The Board took this action based on the following alleged violations of FHA requirements: Mortgagee (a) failed to obtain documentation evidencing a repayment agreement for the borrower’s outstanding federal debt; (b) failed to verify the status of this debt; and (c) failed to document that funds used to pay off the borrower’s debts prior to closing came from an acceptable source and to ensure that the borrower did not incur new debt not included in the debt-to-income ratio used during underwriting.
2) The Board voted to enter into a settlement agreement with Mortgagee that included reimbursement of claims for FHA mortgage insurance for five loans in the amount of $675,861.89. The settlement did not constitute an admission of liability or fault.
The Board took this action based on the following alleged violations of FHA requirements: Mortgagee violated FHA’s underwriting requirements for five loans for (a) failure to document transfer of gift funds; (b) failure to document source of funds used to pay off a debt and pre-closing deposits; (c) failure to manually underwrite loans that had disputed credit report entries; (d) failure to properly calculate and document borrower income; (e) failure to properly verify borrower assets; (f) failure to order a required second appraisal; and (g) failure to include all borrower debts.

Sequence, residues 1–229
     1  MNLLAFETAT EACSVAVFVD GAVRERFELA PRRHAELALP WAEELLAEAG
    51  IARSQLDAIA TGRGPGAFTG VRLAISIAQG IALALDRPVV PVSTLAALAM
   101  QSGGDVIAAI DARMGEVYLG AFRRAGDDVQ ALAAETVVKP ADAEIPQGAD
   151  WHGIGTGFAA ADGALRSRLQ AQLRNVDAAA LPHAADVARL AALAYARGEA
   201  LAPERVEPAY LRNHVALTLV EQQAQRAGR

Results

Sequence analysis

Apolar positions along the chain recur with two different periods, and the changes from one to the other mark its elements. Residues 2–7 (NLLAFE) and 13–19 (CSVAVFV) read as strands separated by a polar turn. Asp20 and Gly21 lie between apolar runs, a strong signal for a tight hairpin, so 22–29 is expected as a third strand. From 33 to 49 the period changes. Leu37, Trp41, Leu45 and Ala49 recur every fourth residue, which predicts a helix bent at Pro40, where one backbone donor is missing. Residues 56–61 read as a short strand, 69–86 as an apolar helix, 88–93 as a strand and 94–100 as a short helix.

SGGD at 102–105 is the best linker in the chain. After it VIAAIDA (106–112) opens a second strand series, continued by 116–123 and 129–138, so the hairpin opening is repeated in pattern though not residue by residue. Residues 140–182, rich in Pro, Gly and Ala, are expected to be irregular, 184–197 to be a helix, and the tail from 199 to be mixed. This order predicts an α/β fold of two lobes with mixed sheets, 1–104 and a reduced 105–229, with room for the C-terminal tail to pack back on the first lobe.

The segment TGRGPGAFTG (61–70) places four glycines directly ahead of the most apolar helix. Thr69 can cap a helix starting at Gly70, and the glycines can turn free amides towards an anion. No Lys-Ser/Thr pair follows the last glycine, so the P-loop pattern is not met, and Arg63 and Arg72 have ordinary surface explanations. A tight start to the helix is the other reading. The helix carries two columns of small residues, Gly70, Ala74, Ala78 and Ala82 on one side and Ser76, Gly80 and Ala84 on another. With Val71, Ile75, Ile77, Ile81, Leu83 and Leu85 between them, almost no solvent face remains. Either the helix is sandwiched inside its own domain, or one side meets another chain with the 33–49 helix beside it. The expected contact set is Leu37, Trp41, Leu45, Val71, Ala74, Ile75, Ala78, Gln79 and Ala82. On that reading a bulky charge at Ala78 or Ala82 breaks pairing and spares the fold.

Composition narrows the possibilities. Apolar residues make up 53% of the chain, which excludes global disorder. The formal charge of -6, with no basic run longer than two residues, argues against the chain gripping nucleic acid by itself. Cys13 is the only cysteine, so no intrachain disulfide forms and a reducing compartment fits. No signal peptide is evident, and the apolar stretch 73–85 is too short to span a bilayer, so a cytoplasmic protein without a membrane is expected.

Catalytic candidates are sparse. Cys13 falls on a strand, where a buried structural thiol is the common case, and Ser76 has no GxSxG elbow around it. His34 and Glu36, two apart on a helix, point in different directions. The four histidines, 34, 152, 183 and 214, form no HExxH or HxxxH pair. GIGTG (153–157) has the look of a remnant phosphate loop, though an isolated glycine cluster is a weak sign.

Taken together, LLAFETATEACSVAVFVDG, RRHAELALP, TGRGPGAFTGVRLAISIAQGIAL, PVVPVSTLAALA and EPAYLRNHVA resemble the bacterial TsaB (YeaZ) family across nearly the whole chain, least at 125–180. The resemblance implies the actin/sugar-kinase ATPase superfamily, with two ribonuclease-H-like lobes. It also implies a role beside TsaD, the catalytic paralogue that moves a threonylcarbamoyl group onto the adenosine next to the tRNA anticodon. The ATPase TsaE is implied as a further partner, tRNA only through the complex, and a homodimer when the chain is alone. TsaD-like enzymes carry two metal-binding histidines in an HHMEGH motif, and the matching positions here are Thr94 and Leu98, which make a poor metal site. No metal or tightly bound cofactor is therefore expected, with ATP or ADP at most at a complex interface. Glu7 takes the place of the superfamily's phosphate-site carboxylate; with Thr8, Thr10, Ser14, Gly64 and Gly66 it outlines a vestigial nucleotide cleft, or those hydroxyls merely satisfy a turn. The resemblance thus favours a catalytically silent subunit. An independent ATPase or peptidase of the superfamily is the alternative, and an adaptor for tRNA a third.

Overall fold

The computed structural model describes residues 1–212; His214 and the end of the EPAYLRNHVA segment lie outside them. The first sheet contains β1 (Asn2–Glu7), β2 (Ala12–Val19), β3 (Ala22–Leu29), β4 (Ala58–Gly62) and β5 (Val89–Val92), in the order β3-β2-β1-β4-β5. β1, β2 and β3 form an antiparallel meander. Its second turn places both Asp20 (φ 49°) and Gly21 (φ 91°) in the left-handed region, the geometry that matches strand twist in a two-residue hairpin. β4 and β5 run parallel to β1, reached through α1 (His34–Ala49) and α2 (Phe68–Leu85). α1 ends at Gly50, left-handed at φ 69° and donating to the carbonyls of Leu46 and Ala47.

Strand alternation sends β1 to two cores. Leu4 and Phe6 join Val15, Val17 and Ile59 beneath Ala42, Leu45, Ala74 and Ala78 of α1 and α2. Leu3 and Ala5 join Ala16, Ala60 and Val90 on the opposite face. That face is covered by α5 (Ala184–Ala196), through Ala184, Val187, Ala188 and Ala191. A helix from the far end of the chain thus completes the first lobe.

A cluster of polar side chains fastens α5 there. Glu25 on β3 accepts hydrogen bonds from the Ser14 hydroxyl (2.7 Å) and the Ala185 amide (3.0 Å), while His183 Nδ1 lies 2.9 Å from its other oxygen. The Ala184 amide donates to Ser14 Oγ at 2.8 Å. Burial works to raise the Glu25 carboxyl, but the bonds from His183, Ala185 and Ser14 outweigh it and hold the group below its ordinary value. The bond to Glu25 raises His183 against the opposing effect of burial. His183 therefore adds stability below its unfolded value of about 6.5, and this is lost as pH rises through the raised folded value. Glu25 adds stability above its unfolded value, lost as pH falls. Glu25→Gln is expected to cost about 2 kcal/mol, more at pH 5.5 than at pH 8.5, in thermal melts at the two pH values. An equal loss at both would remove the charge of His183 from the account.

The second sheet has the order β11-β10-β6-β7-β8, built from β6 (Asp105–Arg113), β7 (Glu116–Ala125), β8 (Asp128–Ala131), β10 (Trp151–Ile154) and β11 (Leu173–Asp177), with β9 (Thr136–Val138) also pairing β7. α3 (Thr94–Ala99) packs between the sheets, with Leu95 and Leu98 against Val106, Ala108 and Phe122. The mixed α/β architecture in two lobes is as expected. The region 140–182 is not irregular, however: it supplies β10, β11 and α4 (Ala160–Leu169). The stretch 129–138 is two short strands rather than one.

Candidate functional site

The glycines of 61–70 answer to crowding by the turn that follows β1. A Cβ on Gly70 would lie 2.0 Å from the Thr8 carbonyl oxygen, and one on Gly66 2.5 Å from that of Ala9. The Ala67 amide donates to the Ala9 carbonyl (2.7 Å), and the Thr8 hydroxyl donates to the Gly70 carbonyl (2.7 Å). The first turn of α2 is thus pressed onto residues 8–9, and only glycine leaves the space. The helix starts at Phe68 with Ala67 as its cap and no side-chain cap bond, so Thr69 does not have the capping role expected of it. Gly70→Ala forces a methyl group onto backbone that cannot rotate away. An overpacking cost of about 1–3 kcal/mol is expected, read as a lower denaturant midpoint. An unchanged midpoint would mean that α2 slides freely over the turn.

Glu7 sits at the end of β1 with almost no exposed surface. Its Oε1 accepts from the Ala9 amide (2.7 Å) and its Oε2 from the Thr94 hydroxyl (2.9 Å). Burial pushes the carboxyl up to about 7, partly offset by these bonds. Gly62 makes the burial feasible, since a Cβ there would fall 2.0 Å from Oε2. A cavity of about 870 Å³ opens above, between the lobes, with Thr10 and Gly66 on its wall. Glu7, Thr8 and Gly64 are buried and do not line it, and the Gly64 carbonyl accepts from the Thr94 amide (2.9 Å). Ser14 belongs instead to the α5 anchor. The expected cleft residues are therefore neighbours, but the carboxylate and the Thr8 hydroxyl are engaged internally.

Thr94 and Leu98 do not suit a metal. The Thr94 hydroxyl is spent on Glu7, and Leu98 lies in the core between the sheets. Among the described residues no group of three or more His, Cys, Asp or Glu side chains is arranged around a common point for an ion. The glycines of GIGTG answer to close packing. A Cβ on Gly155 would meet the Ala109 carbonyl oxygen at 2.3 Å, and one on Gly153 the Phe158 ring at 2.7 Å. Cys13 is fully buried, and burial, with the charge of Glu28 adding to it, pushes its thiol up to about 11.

3) The Board voted to enter into a settlement agreement with the Mortgagee that included a civil money penalty of $40,268 and execution of a five-year indemnification for two loans.
The Board took this action based on the following alleged violations of FHA requirements: Mortgagee (a) failed to adequately document and implement its Quality Control Program; (b) failed to identify a conflict of interest in connection with an FHA-insured mortgage; and (c) failed to document that a borrower had sufficient funds available from an acceptable source to close a loan.
4) The Board voted to enter into a settlement agreement with the Mortgagee that included a civil money penalty of $220,703. The settlement did not constitute an admission of liability or fault.